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Kashmiri women use art to resist India's tightening laws

From painting to traditional poetry, they fight against New Delhi's takeover

A portrait of a young Kashmiri girl in traditional attire by artist Hina Arif. Hina started to make paintings of Kashmiri architecture and people to help preserve the local culture, which she believes the central government is trying to wipe out. (Safina Nabi) 

INDIAN ADMINISTERED KASHMIR -- When the central Indian government stripped the region of Jammu and Kashmir of its autonomy in August 2019 and imposed a communications blackout, the people of Kashmir wanted to fight back. Now, female Kashmiri artists are using their pens, poems and brushes to resist.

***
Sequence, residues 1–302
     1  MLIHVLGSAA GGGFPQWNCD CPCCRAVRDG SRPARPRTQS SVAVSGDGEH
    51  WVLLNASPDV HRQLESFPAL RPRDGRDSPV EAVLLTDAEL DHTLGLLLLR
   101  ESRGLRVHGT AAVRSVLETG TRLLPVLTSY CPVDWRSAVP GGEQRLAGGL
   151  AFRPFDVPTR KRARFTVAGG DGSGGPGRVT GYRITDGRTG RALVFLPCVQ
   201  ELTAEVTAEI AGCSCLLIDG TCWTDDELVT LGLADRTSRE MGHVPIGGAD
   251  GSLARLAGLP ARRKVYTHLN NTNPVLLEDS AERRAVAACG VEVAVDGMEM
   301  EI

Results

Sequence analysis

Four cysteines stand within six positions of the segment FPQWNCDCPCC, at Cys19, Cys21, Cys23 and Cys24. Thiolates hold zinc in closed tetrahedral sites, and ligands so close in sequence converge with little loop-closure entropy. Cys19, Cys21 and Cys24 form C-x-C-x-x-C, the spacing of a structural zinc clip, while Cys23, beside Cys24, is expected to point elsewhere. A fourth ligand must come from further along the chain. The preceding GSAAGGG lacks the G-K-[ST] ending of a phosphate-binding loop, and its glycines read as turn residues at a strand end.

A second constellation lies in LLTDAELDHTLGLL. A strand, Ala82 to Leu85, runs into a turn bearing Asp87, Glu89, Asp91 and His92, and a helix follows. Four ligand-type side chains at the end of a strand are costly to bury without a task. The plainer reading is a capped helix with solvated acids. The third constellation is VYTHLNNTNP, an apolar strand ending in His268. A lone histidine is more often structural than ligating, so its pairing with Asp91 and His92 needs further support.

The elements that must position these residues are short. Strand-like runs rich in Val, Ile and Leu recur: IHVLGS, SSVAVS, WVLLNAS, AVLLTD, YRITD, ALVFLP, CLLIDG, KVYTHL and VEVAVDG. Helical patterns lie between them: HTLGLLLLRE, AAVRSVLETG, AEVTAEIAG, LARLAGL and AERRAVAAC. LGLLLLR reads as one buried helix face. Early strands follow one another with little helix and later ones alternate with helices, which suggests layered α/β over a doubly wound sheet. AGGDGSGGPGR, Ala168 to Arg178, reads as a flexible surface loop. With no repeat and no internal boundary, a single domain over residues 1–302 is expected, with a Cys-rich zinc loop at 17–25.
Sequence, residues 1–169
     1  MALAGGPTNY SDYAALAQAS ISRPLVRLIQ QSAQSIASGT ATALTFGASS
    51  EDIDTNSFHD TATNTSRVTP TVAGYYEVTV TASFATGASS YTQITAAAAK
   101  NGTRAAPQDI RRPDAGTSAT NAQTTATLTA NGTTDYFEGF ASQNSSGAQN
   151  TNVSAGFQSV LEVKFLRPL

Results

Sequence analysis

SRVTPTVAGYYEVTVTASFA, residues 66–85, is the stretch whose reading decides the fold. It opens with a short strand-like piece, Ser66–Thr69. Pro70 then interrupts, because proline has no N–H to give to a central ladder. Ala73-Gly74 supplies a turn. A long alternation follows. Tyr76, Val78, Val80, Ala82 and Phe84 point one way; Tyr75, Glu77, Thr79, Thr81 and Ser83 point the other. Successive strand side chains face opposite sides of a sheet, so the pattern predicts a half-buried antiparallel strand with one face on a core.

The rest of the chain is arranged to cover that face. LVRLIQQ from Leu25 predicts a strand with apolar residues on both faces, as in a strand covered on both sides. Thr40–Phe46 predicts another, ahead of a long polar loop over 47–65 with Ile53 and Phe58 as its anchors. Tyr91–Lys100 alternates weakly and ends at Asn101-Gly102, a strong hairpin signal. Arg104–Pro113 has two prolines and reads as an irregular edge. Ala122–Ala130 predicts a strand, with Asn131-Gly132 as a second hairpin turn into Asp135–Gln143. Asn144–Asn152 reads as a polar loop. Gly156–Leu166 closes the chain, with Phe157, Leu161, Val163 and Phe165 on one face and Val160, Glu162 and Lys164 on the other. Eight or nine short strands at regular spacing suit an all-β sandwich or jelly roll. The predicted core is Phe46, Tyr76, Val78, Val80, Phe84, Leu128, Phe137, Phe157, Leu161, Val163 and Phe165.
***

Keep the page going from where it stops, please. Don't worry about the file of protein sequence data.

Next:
Last autumn, Hina Arif, 28, who lives in central Kashmir's Srinagar area, started to make paintings of Kashmir's old architecture and people in traditional attire because she believes that the central government has been bent on wiping out Kashmir's culture over decades.

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